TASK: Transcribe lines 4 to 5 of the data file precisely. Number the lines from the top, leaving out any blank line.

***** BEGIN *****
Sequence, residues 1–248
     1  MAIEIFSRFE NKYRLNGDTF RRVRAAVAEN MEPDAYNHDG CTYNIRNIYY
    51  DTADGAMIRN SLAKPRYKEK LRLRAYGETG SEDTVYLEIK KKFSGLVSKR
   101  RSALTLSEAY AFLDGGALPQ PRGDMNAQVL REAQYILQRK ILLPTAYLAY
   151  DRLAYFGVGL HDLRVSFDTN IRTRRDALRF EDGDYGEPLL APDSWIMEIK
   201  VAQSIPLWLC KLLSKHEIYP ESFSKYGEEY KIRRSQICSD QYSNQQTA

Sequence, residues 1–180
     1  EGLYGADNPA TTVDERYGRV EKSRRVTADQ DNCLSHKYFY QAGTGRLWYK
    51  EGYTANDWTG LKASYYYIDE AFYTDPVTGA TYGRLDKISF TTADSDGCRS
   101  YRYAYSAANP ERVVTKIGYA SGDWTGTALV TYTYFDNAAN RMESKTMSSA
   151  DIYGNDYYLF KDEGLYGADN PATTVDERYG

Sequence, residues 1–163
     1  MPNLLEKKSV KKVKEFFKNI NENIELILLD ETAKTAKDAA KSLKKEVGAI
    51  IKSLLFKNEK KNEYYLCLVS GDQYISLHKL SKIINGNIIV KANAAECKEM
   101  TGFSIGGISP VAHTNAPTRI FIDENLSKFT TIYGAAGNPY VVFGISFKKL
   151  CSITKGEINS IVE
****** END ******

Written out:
   101  RSALTLSEAY AFLDGGALPQ PRGDMNAQVL REAQYILQRK ILLPTAYLAY
   151  DRLAYFGVGL HDLRVSFDTN IRTRRDALRF EDGDYGEPLL APDSWIMEIK